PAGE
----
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    Crypto Needs Cohesive Regulation – A Look at Europe’s MiCA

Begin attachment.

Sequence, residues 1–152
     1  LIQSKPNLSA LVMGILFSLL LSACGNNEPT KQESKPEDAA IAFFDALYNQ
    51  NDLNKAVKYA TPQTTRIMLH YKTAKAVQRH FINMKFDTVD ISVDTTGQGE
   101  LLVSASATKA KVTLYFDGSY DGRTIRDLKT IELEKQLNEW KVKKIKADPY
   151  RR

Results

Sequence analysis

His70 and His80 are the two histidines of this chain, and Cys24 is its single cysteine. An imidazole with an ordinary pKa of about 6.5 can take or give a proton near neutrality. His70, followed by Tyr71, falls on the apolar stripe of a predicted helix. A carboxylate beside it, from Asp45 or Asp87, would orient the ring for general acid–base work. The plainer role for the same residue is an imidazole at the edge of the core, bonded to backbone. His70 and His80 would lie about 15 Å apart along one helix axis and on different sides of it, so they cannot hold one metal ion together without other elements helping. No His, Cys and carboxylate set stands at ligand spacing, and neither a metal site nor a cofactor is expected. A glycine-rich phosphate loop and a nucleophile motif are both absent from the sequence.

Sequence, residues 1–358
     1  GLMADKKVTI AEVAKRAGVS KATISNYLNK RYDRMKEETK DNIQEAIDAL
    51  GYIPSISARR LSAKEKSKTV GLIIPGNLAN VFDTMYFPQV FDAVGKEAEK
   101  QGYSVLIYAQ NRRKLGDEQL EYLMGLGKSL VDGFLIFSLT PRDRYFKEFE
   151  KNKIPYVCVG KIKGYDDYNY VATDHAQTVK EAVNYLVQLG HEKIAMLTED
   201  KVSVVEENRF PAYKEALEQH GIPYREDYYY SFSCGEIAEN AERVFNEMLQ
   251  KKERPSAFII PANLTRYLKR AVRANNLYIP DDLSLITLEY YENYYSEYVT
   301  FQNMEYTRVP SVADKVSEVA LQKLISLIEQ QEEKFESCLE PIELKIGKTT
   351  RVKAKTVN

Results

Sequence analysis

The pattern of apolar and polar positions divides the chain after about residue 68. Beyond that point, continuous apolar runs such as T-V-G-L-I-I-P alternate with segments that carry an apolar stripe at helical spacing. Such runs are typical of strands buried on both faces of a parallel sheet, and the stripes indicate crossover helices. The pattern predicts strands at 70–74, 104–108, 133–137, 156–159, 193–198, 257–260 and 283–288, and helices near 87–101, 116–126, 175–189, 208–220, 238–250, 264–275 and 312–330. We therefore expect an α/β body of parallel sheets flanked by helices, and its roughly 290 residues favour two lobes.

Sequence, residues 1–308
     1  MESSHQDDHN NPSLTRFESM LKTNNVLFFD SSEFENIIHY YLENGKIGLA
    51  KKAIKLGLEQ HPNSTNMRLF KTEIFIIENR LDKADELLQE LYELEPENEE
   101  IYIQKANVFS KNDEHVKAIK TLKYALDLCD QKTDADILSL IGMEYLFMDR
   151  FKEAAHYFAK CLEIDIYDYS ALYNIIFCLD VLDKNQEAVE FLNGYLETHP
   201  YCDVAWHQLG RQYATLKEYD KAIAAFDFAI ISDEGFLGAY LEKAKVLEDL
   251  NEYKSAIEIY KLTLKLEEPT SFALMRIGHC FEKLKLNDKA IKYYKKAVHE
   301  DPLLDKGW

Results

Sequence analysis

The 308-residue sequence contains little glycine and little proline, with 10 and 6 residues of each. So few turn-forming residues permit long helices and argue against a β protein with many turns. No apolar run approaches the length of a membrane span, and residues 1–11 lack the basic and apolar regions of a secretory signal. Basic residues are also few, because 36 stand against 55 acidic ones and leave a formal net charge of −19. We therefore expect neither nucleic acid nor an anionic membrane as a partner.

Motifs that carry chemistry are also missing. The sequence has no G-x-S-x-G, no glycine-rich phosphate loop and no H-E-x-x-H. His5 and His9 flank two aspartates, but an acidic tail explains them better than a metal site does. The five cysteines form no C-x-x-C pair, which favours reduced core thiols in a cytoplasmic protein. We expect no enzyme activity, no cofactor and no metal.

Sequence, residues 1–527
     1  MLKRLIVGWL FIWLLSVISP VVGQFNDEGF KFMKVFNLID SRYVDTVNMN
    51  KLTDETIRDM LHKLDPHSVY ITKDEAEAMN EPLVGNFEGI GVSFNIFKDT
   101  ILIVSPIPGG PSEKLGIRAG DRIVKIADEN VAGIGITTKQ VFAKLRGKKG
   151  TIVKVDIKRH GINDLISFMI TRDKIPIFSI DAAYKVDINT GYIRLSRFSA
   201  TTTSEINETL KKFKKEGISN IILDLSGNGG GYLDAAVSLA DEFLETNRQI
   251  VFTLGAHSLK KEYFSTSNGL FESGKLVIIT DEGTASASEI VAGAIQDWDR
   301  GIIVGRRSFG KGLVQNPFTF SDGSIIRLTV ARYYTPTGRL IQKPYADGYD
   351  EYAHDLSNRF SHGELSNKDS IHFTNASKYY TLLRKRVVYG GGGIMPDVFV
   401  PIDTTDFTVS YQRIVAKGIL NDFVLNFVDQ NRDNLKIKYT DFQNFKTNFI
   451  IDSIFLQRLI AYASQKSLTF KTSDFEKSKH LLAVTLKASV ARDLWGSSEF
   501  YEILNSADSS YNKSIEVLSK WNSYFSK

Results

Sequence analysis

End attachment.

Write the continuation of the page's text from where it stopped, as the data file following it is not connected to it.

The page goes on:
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    Utility token refers to crypto-assets that are only intended to provide access to a good or a service supplied by its issuer. NOTE! Outside the scope of MiCA are: DeFI protocols, pure NFTs, CBDCs, security tokens or other crypto-assets that qualify as financial instruments according to MiFID II. Licensing. MiCA introduces licensing requirements for crypto-asset service providers, issuers of asset-referenced tokens and issuers of electronic money tokens. In general, CASP will trigger the licensing requirements, unless they are already a licensed credit institution under MiFID. As mentioned before, even with an existing license, the company would still need to notify the competent authorities about its intention to offer crypto-asset services. Supervision. At the member state level, competent authorities will hold the responsibility for overseeing CASPs and ensuring adherence to the stipulations outlined in MiCA. CASPs with an active user base exceeding 10 million will fall under the category of “Significant CASPs.” While these Significant CASPs will continue to be monitored by the relevant competent authorities, the European Securities and Markets Authority (ESMA) will be vested with an “intervention power.” This authority empowers ESMA to enact measures that either prohibit or restrict the provision of crypto-asset services by CASPs, particularly when there are perceived threats to market integrity, investor protection, or financial stability.

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